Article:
Serious Eats: Recipes

Pumpkin-Spice Marshmallows

Marshmallows are one of my favorite things to make. Though I've made them literally hundreds of times, the act of transforming little more than sugar and gelatin into fluffy, springy cubes of goodness never ceases to be deeply satisfying.

I enjoy pulling the cut pieces apart (the way they cling and stretch and then suddenly, they're apart, bouncing back into geometric perfection) and I love the way they feel (cool and silky) as I toss them in their coating. Having both over- and under-cooked their base syrup, occasionally being a little sloppy with measurements, tinkering with flavors and additives, and only once or twice being forced to scrap the batch and start over, I also appreciate the fail-proof nature of marshmallows.

They're also rather simple to make (easy to whip together in about 20 minutes) once you've made them a time or two and can be made in mass. On top of all that, people are always so impressed by them; shocked and amazed that marshmallows can be made in a kitchen, not in the confines of some space age factory.

Being such a lover of marshmallows, it's no surprise I was drawn to a book devoted to the subject: Marshmallows by Eileen Talanian.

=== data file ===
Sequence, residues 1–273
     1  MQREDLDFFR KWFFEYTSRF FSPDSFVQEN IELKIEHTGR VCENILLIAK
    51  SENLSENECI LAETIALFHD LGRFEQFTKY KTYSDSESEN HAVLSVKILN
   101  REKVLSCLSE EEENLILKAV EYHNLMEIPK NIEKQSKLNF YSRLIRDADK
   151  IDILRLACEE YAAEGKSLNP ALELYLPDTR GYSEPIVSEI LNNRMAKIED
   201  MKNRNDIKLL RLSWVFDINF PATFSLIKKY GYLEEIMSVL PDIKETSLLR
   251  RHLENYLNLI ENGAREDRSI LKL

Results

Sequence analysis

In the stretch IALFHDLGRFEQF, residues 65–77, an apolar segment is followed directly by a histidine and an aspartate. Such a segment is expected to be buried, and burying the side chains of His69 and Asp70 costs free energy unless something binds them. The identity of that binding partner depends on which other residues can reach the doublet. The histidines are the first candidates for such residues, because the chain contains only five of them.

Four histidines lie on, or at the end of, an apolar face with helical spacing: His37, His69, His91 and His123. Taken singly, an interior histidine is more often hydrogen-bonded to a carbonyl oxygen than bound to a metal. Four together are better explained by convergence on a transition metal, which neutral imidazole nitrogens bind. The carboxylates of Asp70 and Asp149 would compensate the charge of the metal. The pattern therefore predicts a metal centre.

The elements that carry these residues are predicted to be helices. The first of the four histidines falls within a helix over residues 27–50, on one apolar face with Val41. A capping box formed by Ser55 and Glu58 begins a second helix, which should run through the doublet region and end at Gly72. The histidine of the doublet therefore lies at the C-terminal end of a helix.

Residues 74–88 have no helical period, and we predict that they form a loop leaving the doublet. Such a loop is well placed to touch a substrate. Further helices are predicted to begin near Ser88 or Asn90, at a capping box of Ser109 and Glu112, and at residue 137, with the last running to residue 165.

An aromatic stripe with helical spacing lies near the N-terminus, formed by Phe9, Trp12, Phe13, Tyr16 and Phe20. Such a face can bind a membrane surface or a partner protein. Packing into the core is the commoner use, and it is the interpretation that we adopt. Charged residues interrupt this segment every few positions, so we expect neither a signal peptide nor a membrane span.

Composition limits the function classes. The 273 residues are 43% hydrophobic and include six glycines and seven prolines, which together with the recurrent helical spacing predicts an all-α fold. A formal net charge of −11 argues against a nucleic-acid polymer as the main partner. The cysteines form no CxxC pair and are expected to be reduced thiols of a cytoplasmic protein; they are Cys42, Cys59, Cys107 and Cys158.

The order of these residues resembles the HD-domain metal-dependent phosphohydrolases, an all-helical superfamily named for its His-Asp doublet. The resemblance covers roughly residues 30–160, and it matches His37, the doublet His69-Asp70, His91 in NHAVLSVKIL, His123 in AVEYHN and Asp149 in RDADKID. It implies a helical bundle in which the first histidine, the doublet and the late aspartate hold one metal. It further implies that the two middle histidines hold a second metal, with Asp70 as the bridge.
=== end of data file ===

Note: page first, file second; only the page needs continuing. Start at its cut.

A former bakery owner and pastry consultant, Talanian peppers her prose with learned, useful tips and information, providing a comprehensive guide to ingredients and techniques before digging in to the recipes. She explains, for instance, why she decided to use a homemade invert sugar as the basis of all of her marshmallow recipes, rather than corn syrup.

As Talanian points out, the one real trick to successful marshmallows is thorough, organized preparation. To that end, her recipes (broken into roughly three sections: marshmallows, marshmallow fluff, and uses for marshmallows or marshmallow fluff) are clear and well-structured, ensuring that all components will be on hand as needed. Because techniques are similar from recipe to recipe, it should be noted that the most thorough description of procedures is presented in the very first recipe for vanilla marshmallows (the recipes that follow, provide slightly annotated procedures).

With plenty of interesting flavors and flavor combinations illustrating the methods by which fruits, spices, wines and other flavoring agents (mint julep marshmallow, anyone?) may be incorporated, the book provides plenty of choices to suit any palate and a thorough enough understanding of the various techniques to allow for well-informed experimentation.

Though I find the section on applications of marshmallow and marshmallow fluff a little lacking, it shouldn't be difficult to come up with plenty of ideas for these homemade sweets on your own.

About the author: Amanda Clarke is a recovering restaurant pastry chef with a background in architecture. She lives in Brooklyn, New York, where she writes, tests, and develops recipes and works on freelance food-styling gigs between walkings and feedings of her two dogs and husband.

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